This topic is close to my heart. Very close I iterate :)! More so with ageing I realize the vitality and magical effects of a good night’s sleep. Not many years earlier when life was simpler, sleep was something that just happened somewhere in-between day and night. As time goes by and as my to-do list is increasingly becoming a book, I realize that sleep is not something that just happens… it needs to be managed well.
With the advent of technology and its increasing burden on our time (are you on Facebook by any chance?! Do you have a smartphone?!), we all experience some level of sleep-depravity most days. We assume that a certain lack of sleep will make us more productive. Unfortunately the truth is otherwise. Most of us are more familiar with the debilitating aspects of little sleep: headaches, irritability, lack of patience with colleagues and family, loss of focus and productivity, too much junk food, weight gain or loss, nails bitten to the quick. We all know what we're supposed to take rest and get more sleep amidst exercising regularly; avoiding caffeine and alcohol; setting priorities, working efficiently, planning ahead… And yet we're more sleep-deprived than ever before, and our personal energy is tanking.
Here are a few points which I have tried practicing to help me sleep better. I share this in hope to learn of better techniques for Sleep Management / Therapy.
1. Set a Time / Alarm to clear your mental to-do list.
Leave a bad day at the office at the office. Write a list of unfinished tasks and unresolved issues before getting into bed. Put them down on paper and mule over it for 10-15 minutes so they don't take up mental space when you're set to sleep and dream.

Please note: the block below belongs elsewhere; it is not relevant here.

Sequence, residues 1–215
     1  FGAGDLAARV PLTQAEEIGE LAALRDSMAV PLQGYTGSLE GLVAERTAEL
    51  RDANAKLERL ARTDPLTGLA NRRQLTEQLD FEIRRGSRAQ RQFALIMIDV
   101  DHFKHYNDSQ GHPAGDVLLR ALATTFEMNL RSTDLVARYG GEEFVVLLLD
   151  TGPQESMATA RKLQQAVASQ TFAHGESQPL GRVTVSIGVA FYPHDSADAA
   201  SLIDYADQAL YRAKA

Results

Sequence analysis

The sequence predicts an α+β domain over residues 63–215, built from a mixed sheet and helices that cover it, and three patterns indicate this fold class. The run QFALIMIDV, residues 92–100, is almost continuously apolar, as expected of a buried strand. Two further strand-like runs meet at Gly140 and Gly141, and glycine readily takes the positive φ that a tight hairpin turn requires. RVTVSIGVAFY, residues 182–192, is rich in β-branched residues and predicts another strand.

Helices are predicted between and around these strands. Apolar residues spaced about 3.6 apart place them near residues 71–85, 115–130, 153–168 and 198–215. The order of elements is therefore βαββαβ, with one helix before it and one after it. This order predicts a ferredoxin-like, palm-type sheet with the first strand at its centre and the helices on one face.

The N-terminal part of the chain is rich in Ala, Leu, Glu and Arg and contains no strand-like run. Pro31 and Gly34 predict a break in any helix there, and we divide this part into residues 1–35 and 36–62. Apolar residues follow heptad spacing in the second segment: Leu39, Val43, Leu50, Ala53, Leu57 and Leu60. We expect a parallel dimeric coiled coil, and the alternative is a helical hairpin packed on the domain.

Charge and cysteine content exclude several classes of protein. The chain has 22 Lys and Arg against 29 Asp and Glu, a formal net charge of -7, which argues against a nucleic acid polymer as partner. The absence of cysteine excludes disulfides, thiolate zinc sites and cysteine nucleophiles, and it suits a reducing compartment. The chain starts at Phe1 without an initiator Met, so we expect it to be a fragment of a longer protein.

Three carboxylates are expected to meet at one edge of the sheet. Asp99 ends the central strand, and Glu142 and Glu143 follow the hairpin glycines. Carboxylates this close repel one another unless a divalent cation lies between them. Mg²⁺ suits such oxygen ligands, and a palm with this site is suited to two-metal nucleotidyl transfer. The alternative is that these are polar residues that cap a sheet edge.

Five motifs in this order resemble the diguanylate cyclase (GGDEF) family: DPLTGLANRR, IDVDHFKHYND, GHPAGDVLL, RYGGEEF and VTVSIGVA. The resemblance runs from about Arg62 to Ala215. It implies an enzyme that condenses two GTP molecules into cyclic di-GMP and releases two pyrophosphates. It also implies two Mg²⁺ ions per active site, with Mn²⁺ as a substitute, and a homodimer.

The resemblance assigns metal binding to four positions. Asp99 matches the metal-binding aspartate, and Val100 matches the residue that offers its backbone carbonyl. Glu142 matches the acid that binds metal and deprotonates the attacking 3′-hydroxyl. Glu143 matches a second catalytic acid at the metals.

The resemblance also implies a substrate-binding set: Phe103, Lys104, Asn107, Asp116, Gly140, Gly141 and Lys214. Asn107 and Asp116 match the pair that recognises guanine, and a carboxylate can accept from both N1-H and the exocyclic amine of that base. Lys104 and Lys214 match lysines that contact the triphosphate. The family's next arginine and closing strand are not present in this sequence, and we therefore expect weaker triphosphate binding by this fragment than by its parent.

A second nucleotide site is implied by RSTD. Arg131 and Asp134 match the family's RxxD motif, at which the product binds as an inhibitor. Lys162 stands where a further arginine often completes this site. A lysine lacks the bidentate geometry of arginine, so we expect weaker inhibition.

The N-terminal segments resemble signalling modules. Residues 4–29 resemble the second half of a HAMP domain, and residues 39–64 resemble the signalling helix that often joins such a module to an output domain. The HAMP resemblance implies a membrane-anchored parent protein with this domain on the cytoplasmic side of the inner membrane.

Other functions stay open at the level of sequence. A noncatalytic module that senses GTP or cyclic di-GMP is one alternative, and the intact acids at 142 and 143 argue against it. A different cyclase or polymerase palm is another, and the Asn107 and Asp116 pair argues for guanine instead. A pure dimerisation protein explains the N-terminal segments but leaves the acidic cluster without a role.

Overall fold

2. Go to bed earlier.
Set yourself a bedtime and stick to it. You may feel like a child, but there's a reason parents badger kids to bed.
3. Follow a “Wind Down” routine.
Give yourself 45 minutes to relax before going to bed. Drink tea, read a book, or listen to music. Do something that soothes the nerves. Calm your frayed nerves by venting, meditating, and/or giving yourself a time out.
4. Manage your online time-or step away from it
Manage time on computer around bedtime. If you are not good at it then AVOID the computer/smartphone after a set time. Especially avoid the social networking sites and checking the mailbox. Accept the truth that browsing the WWW is not something that soothes the nerves. On the contrary it gets us more excited. Take daily vacation from net connectivity and do not feel guilty about it.
5. Take a midday nap or break
This one is a bit tricky unless you can sleep with your eyes open! But there are alternatives since the central idea is to detach and consciously slow down the body-metabolism. Take a walk to the nearest fruit-seller to pick a piece of apple, plug in music for 15 minutes in a remote undiscovered corner of the office, take deep breaths for about 10 minutes, etc.